COVID-19 cases are no longer growing exponentially in Arizona, but are still heading in the wrong direction, ASU’s Biodesign Director Joshua LaBaer said in a press briefing Wednesday.
The state is seeing a steady stream of around 3,500 new positive cases everyday, beginning on July 1, according to the Biodesign Critical COVID-19 Trends page. The lack of exponential growth is encouraging, LaBaer said, but the new case counts are still too high.
“We can’t sustain 3,500 cases a day, even if we kept it flat there,” he said. “That’s too many. Especially because we know that these patients who go to the hospital are staying a long time and more people are going in then coming out.”
Beginning on Memorial Day, just 10 days after the state reopened, cases have rapidly grown in Arizona.
When the reopening began on May 15, the state had just over 13,000 cases. By June 15 the state had 37,005 cases. Not even a full 30 days later, Arizona has now passed over 100,000 total cases of the coronavirus.
According to the Arizona Department of Health Services data page, Wednesday saw a total of 3,520 new reported cases in the state, resulting in a total of 108,614 reported cases. For the past two weeks, everyday has shown a positive testing rate of the coronavirus at over 20% over a seven-day trailing period, according to data from Biodesign.
Arizona also made national headlines once more with The New York Times reporting that the state is currently home to the world’s worst outbreak of COVID-19, with the most new positive cases per million residents over the last seven days.
The list featured 25 locations around the world, and only 10 of the locations are outside the U.S.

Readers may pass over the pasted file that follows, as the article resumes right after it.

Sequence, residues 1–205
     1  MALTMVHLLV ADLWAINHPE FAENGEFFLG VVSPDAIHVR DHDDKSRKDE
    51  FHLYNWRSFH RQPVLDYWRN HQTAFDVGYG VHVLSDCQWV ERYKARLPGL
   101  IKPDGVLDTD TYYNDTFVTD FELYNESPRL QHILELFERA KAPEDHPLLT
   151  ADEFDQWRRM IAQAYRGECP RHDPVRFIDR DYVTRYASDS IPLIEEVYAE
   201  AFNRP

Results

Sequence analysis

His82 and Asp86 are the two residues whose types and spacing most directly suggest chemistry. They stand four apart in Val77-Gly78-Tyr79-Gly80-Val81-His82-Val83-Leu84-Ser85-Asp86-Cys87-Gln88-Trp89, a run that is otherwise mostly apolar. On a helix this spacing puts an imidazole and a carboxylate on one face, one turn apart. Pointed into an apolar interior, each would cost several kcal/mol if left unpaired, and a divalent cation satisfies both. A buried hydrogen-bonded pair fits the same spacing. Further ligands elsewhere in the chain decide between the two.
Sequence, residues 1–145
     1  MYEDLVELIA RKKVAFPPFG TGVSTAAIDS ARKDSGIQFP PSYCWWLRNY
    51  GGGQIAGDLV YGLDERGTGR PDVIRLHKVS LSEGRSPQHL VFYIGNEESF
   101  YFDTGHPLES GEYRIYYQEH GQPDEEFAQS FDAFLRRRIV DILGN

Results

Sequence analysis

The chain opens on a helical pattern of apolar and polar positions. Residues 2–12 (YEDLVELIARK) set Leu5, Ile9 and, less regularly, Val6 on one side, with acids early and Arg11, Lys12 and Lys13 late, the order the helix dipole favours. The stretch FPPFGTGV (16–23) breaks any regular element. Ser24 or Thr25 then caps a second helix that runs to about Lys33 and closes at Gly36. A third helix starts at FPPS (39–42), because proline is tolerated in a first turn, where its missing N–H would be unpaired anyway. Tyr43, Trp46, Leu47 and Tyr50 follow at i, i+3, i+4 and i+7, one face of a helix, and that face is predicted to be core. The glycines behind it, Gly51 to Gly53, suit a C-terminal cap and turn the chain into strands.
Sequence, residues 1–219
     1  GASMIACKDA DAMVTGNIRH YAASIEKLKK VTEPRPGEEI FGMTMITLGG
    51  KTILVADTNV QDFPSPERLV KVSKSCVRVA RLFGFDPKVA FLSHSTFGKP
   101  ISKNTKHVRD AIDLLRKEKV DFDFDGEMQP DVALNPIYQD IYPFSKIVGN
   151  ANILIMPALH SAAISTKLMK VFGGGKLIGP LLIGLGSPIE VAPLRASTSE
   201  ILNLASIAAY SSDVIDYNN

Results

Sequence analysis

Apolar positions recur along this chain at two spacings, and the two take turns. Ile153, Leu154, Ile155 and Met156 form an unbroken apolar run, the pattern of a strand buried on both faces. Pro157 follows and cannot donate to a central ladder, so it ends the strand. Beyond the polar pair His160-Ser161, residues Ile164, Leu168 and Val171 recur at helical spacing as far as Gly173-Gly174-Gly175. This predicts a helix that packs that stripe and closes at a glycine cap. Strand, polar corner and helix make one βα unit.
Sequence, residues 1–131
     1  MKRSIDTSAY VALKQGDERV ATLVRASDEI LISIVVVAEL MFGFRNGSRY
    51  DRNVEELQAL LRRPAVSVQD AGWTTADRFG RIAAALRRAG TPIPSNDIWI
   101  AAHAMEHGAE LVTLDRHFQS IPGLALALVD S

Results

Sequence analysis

ADHS also reported Wednesday that Intensive Care Unit beds are 91% full, which ties a previous record for the amount of ICU beds in use for a single day.
Many hospitals are exceeding capacity in parts of the state, but "statewide there will always be some measure of beds available on an individual hospital basis,” LaBaer said.
The overwhelming number of new cases has resulted in the activation of “crisis care standards” in the state, Dr. Cara Christ, director of ADHS, said at a June 29 press briefing. Those standards allow doctors to choose which patients receive the resources needed to survive based on a variety of factors.
Ensuring the death rates stay low and that people can get the treatment they need will require not “overtaxing the healthcare system” to ensure that hospitals can successfully treat patients in-need of hospitalization, LaBaer said, but that is only possible if the case numbers go down.
Wyatt Myskow is the project manager at The State Press, where he oversees enterprise stories for the publication. He also works at The Arizona Republic, where he covers the cities of Peoria and Surprise.